Store paperwork errors cost time and money. Use an industry average of $25 for each inaccurate shift report. Lack of punctuality carries a cost of overtime for the clerk that must wait for the late employee. Just like drivers, clerks control repair costs through daily store maintenance procedures.
Consider this — could your store clerks get more involved in inventory management and save the company cash? The answer is yes! Absolutely! Who better to know what customers want and don’t want than your clerks? If store clerks were taught to understand their store’s balance sheet, and then were challenged to maximize sales and reduce costs through smart inventory management, any store could achieve improved cash flow!
If you are now convinced that all employees effect cash, here’s how you go about setting a cash goal.
1) Educate all employees about company cash and how they impact that cash.
2) Have each location and department estimate how much they can improve cash and by what date.
3) Put these “guestimates” into a chart segregated by date.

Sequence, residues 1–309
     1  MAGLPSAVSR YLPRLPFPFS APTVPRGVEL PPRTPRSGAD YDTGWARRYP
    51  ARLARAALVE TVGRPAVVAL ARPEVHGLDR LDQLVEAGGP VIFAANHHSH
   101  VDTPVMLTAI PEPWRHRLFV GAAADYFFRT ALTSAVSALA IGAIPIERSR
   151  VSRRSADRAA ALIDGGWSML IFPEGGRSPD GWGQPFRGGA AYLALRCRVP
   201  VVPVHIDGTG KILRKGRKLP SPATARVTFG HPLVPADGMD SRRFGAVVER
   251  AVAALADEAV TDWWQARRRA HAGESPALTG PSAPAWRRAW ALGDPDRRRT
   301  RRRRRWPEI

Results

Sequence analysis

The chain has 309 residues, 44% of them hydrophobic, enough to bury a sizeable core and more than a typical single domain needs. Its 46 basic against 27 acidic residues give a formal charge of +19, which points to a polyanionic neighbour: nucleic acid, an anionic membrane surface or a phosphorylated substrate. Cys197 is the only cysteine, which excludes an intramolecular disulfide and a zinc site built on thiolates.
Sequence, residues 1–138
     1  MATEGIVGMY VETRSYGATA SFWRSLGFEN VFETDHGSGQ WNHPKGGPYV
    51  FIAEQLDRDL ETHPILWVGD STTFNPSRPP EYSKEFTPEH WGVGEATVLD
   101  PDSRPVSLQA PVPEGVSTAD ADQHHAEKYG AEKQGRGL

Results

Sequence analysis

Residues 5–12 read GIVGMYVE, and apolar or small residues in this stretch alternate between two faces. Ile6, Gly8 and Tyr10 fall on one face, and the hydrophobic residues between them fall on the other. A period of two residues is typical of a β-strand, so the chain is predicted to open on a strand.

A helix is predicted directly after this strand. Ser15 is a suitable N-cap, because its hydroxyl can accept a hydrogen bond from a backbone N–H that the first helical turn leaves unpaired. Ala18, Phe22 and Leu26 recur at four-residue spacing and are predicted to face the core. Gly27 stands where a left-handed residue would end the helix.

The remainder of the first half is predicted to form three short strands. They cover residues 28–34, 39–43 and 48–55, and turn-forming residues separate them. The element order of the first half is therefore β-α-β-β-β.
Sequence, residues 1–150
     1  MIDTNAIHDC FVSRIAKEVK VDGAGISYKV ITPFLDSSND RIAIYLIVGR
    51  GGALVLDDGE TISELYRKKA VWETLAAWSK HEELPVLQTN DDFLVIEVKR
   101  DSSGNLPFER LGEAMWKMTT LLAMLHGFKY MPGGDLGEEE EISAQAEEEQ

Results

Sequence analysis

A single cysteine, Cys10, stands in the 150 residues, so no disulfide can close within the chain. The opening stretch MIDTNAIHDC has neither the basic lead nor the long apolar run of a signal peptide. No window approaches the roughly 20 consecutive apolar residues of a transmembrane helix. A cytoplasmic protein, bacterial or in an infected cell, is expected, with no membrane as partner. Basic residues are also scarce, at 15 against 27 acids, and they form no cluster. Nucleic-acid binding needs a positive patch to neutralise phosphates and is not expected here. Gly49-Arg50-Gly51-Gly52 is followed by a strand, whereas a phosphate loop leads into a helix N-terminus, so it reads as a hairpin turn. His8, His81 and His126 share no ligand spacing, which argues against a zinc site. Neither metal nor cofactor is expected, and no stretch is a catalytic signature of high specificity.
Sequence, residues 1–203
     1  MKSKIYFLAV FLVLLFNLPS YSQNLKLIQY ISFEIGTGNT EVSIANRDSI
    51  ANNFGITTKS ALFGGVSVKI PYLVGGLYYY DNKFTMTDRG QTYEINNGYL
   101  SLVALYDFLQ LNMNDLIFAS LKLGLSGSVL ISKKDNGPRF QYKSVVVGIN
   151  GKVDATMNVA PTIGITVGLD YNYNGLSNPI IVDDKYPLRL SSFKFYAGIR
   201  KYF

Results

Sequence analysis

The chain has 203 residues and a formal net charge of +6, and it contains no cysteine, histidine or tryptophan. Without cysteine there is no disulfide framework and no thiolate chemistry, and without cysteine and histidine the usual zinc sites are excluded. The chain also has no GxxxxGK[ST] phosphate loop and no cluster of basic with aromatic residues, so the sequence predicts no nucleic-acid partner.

4) Add the total for each date to the company’s average “normal” cash balance.
5) Determine an incentive to be shared with all employees if the company meets its cash target. (Ideally, this target should be combined with a profit target.)
6) Provide feedback to all departments on a regular basis. Use visuals such as a big thermometer that is filled in as cash increases. (Don’t use memos! They are boring and hard to read!)
7) Celebrate in a big way when the cash target is achieved!
In essence, you teach all your people how cash works, you follow the action and keep score with how you are doing, and you provide them with a stake in the outcome.
Think all of this is impossible? Then pick up a book called The Great Game of Business by Jack Stack. You’ll find an inspiring personal tale of how, why and just how well these strategies work. The sooner you make cash flow a company-wide project, the faster your cash position will increase!